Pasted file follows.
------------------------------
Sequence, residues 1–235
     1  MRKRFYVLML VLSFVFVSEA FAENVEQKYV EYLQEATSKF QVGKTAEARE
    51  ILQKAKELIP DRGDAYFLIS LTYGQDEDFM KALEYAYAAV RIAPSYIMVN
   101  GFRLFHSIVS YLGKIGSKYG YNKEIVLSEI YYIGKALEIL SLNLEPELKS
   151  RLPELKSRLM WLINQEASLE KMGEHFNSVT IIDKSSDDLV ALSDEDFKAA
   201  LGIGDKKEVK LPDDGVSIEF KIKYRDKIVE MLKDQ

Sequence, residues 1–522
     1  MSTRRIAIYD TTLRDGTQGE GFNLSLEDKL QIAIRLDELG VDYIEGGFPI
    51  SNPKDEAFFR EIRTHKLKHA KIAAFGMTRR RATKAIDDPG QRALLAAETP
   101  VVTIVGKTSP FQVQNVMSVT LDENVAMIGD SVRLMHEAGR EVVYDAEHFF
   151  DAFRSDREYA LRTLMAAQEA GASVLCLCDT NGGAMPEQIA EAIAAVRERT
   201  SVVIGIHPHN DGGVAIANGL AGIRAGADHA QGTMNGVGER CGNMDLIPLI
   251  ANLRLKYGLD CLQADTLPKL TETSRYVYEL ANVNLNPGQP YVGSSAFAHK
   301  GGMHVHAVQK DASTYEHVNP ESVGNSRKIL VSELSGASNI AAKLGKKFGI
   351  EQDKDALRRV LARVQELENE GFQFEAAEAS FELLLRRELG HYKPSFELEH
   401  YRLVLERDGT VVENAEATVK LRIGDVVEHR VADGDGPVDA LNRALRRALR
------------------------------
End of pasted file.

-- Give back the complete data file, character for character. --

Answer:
Sequence, residues 1–235
     1  MRKRFYVLML VLSFVFVSEA FAENVEQKYV EYLQEATSKF QVGKTAEARE
    51  ILQKAKELIP DRGDAYFLIS LTYGQDEDFM KALEYAYAAV RIAPSYIMVN
   101  GFRLFHSIVS YLGKIGSKYG YNKEIVLSEI YYIGKALEIL SLNLEPELKS
   151  RLPELKSRLM WLINQEASLE KMGEHFNSVT IIDKSSDDLV ALSDEDFKAA
   201  LGIGDKKEVK LPDDGVSIEF KIKYRDKIVE MLKDQ

Sequence, residues 1–522
     1  MSTRRIAIYD TTLRDGTQGE GFNLSLEDKL QIAIRLDELG VDYIEGGFPI
    51  SNPKDEAFFR EIRTHKLKHA KIAAFGMTRR RATKAIDDPG QRALLAAETP
   101  VVTIVGKTSP FQVQNVMSVT LDENVAMIGD SVRLMHEAGR EVVYDAEHFF
   151  DAFRSDREYA LRTLMAAQEA GASVLCLCDT NGGAMPEQIA EAIAAVRERT
   201  SVVIGIHPHN DGGVAIANGL AGIRAGADHA QGTMNGVGER CGNMDLIPLI
   251  ANLRLKYGLD CLQADTLPKL TETSRYVYEL ANVNLNPGQP YVGSSAFAHK
   301  GGMHVHAVQK DASTYEHVNP ESVGNSRKIL VSELSGASNI AAKLGKKFGI
   351  EQDKDALRRV LARVQELENE GFQFEAAEAS FELLLRRELG HYKPSFELEH
   401  YRLVLERDGT VVENAEATVK LRIGDVVEHR VADGDGPVDA LNRALRRALR